Knox County Schools administrators have canceled classes for the rest of the week because of "staffing challenges related to illness."
It is the third day in a row Knox County Schools has closed because of pandemic-related staffing shortages, and Friday's closure will make it four. Switching the entire district to virtual learning is no longer an option for Knox County Schools (or any other school district in Tennessee) because only individual schools or classrooms — not entire school districts — can temporarily pivot to remote learning. Tennessee Department of Education Commissioner Penny Schwinn said the waivers are only for individual schools and classrooms.
As of right now, Knox County Schools has not applied for waivers for individual schools, but they aren't ruling them out as a possibility.
"KCS is closely monitoring absences at each of our schools and will be prepared to submit waiver applications to the Tennessee Department of Education Commissioner to allow virtual learning on a school-by-school basis," Knox County School Superintendent Bob Thomas wrote Wednesday in an email to parents Wednesday.
Another complicating factor is that, in most instances, schools can't be proactive with their option to go virtual because staffing shortages happen so quickly that they can't get a waiver in time from the state.
Due to staffing challenges related to illness, Knox County Schools will be closed the remainder of the week, Thursday, Jan. 20, 2022, and Friday, Jan 21, 2022. Central office, maintenance and custodial staff will report as scheduled. pic.twitter.com/zWGf2HUM0v
— Knox County Schools (@KnoxSchools) January 19, 2022
And virtual learning is challenging for some students. While all students at Knox County Schools have laptops or tablets, students at some schools do not bring those devices home with them, preventing them from quickly switching to the option for remote learning. Many students have been home this week with no device.
For now, Knox County Schools' only district-wide option to mitigate the spread of COVID-19 in classrooms is to use its banked emergency days, also known as inclement weather days.
"We recognize that any decision to close schools or implement virtual learning can be disruptive for families, and we will continue making every effort to provide timely notice of scheduling decisions," Thomas wrote in the email. So far, Knox County has used seven of its 10 days:
Sept. 27 to prepare for the federally-imposed mask mandate
Jan. 6-7 because of winter weather
Jan. 18-21 because of teacher illness and staffing shortages
Maryville City Schools filed a waiver with the Tennessee Department of Education and received authorization from Schwinn to move Maryville High School and Maryville Junior High to digital instruction for the remainder of the week.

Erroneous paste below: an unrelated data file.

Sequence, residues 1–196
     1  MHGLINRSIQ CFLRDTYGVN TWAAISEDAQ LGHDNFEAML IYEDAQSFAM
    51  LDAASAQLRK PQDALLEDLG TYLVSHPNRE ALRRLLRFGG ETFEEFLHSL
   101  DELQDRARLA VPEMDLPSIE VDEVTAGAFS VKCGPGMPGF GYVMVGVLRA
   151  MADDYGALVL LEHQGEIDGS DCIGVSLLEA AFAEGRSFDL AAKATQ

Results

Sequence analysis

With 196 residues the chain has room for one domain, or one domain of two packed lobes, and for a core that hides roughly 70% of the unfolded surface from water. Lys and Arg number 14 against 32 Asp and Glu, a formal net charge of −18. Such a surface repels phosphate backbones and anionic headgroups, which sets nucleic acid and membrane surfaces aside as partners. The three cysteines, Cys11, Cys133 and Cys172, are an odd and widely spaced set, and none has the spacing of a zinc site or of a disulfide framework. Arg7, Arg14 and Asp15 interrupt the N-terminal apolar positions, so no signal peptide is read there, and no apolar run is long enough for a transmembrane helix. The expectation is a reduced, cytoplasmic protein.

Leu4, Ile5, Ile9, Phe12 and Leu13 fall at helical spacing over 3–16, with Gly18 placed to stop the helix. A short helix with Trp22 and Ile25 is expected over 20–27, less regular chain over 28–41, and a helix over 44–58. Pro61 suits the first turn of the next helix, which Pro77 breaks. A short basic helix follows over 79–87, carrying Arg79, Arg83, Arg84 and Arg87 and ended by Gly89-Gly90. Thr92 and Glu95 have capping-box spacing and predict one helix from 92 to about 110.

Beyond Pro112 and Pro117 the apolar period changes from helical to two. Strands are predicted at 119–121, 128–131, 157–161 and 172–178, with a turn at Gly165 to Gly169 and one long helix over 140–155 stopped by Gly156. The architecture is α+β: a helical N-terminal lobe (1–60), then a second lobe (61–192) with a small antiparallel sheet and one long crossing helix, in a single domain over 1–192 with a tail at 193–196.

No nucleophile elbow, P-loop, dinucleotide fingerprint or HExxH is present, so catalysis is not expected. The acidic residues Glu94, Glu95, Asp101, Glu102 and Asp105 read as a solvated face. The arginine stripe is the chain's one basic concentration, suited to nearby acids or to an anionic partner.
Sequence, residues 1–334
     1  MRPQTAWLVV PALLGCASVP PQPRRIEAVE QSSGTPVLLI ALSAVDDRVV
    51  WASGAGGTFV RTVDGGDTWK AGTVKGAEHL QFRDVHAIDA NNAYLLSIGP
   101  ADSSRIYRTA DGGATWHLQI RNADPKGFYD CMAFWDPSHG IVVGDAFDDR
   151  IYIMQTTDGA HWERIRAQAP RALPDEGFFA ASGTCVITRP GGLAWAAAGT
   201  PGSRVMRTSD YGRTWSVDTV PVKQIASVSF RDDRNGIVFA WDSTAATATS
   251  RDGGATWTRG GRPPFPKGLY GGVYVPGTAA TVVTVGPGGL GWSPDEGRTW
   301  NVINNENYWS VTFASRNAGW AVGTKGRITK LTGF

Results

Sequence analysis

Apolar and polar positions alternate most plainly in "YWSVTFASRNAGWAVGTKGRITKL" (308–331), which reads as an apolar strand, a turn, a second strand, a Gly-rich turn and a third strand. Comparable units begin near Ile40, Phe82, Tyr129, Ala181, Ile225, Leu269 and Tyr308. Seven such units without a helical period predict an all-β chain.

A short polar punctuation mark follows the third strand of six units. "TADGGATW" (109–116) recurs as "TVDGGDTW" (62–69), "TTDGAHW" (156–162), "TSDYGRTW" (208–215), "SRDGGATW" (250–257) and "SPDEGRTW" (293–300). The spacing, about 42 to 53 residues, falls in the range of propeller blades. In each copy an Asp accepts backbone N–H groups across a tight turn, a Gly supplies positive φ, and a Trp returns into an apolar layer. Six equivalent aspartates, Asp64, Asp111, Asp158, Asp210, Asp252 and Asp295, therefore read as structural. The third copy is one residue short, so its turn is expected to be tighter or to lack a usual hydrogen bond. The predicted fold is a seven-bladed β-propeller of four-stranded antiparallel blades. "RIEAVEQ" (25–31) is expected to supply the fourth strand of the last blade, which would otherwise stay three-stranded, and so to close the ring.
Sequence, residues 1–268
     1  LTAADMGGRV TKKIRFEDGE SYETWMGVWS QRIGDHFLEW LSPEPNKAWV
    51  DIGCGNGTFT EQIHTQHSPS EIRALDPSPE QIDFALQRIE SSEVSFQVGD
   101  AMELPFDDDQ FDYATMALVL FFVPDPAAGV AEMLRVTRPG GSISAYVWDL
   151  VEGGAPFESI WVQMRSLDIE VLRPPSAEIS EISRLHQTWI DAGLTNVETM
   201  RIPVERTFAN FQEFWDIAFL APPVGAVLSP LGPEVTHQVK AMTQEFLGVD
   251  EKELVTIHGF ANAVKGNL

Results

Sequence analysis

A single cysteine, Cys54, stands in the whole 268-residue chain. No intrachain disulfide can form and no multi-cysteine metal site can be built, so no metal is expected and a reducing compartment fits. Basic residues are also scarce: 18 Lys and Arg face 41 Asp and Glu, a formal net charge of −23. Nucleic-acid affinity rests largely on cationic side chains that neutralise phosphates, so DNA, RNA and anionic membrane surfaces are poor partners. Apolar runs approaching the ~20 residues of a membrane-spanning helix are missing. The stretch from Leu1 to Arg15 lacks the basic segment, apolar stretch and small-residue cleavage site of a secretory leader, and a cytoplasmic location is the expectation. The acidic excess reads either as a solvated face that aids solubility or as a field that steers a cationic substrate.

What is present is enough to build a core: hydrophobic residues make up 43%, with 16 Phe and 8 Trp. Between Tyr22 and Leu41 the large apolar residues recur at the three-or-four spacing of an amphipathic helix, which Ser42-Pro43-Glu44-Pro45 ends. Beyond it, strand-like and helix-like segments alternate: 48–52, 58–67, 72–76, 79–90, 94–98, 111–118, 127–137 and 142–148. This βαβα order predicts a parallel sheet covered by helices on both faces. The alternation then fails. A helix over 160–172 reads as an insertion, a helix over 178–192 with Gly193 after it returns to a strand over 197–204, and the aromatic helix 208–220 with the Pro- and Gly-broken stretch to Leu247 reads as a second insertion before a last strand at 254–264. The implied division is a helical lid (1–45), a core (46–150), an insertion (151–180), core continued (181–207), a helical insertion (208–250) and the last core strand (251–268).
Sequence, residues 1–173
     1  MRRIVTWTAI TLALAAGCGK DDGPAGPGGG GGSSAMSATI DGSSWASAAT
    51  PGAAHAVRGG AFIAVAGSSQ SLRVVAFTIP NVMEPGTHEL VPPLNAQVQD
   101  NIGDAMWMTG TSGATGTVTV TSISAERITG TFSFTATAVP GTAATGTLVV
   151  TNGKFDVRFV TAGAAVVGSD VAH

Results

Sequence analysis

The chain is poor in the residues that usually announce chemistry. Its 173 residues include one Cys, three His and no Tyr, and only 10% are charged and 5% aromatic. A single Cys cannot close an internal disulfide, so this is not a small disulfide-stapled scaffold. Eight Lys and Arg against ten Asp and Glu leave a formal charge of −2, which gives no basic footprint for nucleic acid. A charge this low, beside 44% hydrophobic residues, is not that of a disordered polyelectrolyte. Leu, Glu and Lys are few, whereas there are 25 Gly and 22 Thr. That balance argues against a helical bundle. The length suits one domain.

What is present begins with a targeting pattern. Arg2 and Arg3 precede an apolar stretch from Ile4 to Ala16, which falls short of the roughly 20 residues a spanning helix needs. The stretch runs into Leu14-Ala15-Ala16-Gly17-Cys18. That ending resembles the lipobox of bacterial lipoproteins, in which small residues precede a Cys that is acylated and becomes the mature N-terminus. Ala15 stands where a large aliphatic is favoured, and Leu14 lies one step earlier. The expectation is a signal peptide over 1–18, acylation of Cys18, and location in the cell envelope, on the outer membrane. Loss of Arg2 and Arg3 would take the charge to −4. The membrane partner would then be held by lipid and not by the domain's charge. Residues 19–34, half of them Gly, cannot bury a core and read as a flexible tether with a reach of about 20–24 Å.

Case counts in the district and beyond
Knox County Schools' COVID-19 case counts have not been updated since last week because of the school closures. On Friday, 95 teachers and 399 students reported active cases of COVID-19.
In greater Knox County, the omicron variant upswing shows no signs of slowing down. Active cases nearly doubled last week from roughly 6,700 to 12,100.
On Jan. 12, the county set a record for new COVID-19 cases with over 1,100 reported in a single day.
Hospitalizations grew by over 100 patients in the 11-county Knoxville Hospitalization District. There were 471 people hospitalized with the disease in the region as of Saturday. Roughly a quarter of those are being treated at the University of Tennessee Medical Center in Knoxville, which has 138 COVID-19 patients.
Thirteen Knox County residents died of COVID-19 last week, bringing January’s total to 20 deaths. This means that one or two people died in Knox County every single day this month, on average, from the pandemic.
Knox County's vaccination rate is 62%, which is far below the national average.
Other school closures
Several other schools have canceled classes for this week.
Anderson County Schools: Due to staffing concerns related to illness, Anderson County Schools will be closed for the remainder of the week
Blount County Schools: Due to staffing concerns, Blount County Schools will be closed the rest of the week.
Grace Christian Academy: Due to an increase in illness and absenteeism, GCA will be closed the rest of the week.
Knoxville Catholic High School: Knoxville Catholic will finish the rest of this week with At-Home Learning due to staffing issues.
Oneida Special School District: School will be closed on Thursday, Jan. 20.
Roane County Schools: Due to staffing issues related to illness, Roane County Schools will be closed for the remainder of this week.
Scott County Schools: School will be closed on Thursday, Jan. 20.
Rebecca Wright: Higher education reporter at Knox News
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This article originally appeared on Knoxville News Sentinel: Why Knox County Schools canceled classes instead of going virtual